Christmas at the Vanderbilt Museum

We are pleased to announce that Harbor Homestead is decorating a room in the Eagles Nest mansion at the Vanderbilt Museum for Christmas.  Our theme is New York's legendary nightclub, "El Morocco", a favorite haunt of Mr. & Mrs. William K. Vanderbilt in the 1930's and 1940's.  The Vanderbilt's are hosting guests, the Duke and Duchess of Windsor, and heading to Manhattan for an evening of holiday cocktails and dancing at the El Morocco.  

Famous for its blue zebra upholstered banquettes and endless parade of celebrities, socialites and politicians, the "El Morocco" embodies the glamour and opulence of this bygone era.  
Marlene Dietrich at El Morocco

Clark Gable

Clark Gable again...why not?

Frank Sinatra

We are hard at work re-creating the essence of the El Morocco. Here is a sneak peek at our handmade paper palm fronds that will be used for the palm tree's we're constructing.

All expenses are out of pocket for this volunteer project so we're trying to keep our costs down.  Large, heavy sheets of paper and sugar glitter kept the cost of our palm fronds under $20.  There will be lots more details, including tour dates and times, available next week.

As an aside, we really enjoyed immersing ourselves on the history of the El Morocco.  Notably, it was the first to use a velvet rope, changing nightclub protocol forever.   But here is our favorite legend...

Humphrey Bogart was notoriously banned from El Morocco for life for a late night altercation involving with two young ladies and a pair of large stuffed animals.  Bogart and his drinking buddy brought panda bears to El Morocco and when the ladies attempted to make off with the pandas, a shoving match ensued.  Allegedly, first with one of the ladies and then with her gangster boyfriend. 
Bogart was in court the next morning to face charges of assault and battery. Flippant and cool, he suggested the ladies were merely publicity seekers and the pandas had done them no wrong. The case was dismissed. At least in the eyes of the law.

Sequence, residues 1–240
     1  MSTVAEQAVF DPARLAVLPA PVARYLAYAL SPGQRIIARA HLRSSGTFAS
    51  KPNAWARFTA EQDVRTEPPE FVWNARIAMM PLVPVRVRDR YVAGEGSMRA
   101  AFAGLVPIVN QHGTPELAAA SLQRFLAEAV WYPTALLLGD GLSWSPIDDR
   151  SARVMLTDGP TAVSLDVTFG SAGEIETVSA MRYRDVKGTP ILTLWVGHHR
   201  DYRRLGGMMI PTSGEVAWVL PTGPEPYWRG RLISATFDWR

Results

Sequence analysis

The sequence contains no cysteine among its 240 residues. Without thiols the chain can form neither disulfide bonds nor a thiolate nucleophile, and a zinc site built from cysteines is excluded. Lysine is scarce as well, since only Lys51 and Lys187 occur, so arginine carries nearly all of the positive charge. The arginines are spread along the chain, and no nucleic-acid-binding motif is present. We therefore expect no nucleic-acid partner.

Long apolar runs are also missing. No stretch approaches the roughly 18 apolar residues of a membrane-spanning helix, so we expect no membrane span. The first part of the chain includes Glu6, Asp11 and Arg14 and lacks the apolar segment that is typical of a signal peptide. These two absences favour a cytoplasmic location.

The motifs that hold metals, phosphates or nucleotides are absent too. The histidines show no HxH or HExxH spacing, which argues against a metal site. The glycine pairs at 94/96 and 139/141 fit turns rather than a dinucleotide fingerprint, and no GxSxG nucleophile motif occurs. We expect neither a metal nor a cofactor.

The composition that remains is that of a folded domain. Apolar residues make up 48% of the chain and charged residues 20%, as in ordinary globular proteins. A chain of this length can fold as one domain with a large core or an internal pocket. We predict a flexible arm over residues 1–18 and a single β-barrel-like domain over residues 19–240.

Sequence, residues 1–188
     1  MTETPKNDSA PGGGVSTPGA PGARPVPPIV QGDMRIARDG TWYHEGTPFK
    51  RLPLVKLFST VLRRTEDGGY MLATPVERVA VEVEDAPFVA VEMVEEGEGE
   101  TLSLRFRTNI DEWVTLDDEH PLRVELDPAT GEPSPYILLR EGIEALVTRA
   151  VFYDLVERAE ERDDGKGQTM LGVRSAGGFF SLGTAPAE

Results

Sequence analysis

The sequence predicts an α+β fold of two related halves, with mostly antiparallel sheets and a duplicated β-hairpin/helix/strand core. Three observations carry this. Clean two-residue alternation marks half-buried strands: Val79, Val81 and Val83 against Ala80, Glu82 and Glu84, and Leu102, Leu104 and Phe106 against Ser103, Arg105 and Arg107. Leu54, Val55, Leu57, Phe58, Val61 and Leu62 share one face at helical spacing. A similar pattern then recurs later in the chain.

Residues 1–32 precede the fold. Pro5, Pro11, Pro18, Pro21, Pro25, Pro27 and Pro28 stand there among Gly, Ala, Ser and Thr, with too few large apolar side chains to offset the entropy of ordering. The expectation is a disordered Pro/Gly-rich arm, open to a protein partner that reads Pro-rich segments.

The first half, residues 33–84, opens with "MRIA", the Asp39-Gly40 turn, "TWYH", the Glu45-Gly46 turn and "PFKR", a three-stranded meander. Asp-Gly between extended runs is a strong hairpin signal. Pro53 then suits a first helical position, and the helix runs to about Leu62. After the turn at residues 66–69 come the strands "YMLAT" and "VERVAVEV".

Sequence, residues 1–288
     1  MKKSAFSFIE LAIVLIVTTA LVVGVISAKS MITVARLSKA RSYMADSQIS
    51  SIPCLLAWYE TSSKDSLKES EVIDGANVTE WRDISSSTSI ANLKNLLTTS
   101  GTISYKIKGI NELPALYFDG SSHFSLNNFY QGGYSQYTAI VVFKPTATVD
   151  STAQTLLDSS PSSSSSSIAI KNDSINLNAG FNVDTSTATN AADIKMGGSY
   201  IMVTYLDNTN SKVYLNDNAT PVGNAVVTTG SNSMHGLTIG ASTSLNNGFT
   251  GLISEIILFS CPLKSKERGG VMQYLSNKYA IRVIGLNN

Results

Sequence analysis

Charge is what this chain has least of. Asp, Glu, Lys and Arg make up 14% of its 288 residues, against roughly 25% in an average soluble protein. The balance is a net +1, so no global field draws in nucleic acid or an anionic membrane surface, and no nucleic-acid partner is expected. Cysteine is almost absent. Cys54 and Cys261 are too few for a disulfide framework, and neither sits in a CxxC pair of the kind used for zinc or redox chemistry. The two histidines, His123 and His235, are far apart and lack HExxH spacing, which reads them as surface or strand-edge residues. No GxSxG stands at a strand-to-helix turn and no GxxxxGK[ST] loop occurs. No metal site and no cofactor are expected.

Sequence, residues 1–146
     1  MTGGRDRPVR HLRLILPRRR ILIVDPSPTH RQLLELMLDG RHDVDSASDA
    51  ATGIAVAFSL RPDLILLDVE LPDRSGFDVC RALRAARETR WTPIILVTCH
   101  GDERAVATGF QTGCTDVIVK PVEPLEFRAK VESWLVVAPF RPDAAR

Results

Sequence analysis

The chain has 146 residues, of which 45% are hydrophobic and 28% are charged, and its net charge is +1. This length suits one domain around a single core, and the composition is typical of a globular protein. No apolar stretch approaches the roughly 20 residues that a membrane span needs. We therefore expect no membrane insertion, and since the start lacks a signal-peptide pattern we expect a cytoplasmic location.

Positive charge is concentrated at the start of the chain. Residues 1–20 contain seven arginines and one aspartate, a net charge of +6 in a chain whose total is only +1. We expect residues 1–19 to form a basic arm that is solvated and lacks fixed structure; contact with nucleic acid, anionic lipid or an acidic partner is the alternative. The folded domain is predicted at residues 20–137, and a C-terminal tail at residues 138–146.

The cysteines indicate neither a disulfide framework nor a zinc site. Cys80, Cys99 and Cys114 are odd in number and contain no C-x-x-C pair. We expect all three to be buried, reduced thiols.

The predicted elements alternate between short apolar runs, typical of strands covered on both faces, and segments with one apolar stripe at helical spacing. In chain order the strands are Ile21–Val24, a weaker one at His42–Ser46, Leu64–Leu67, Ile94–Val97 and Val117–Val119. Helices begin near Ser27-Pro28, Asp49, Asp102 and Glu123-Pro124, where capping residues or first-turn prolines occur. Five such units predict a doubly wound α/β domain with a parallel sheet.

Asked by the press if he was “stiff” during the incidence, Bogart replied, “Who isn’t at 3 o’clock in the morning? So we get stiff once in a while. This is a free country isn’t it? I can take my panda any place I want to. And if I want to buy it a drink, that’s my business.” And besides, he said, “Errol Flynn and I are the only ones left who do any good old hell raising.”
The president of New York’s Society of Restaurateurs responded with dire threats, telling the press that Bogart, Errol Flynn and any other celebrity hell-raisers would get the “bum’s rush” if they dared “get stiff and raise hell” in a New York restaurant, club or bar. Bogart was then promptly banned for life from the El Morocco and a dozen other clubs in town, adding to his rather impressive list in Los Angeles.

Eagles Nest
The Spanish Revival Mansion with its 24 rooms was built in three stages from 1910 until 1936. Rooms in the historic house are on exhibit and exemplify the eclectic taste and collecting interests of William K. Vanderbilt II. The mansion was designed by the New York architectural firm Warren & Wetmore, whose Grand Central Station in New York City [1903-13] was designed and built for the New York Central Railroad, one of several Vanderbilt family enterprises. Later additions to the mansion and other estate buildings were executed by architect Ronald H. Pearce, who trained in the office of Warren & Wetmore and continued to make improvements at "Eagle's Nest" after Warren's retirement in 1931.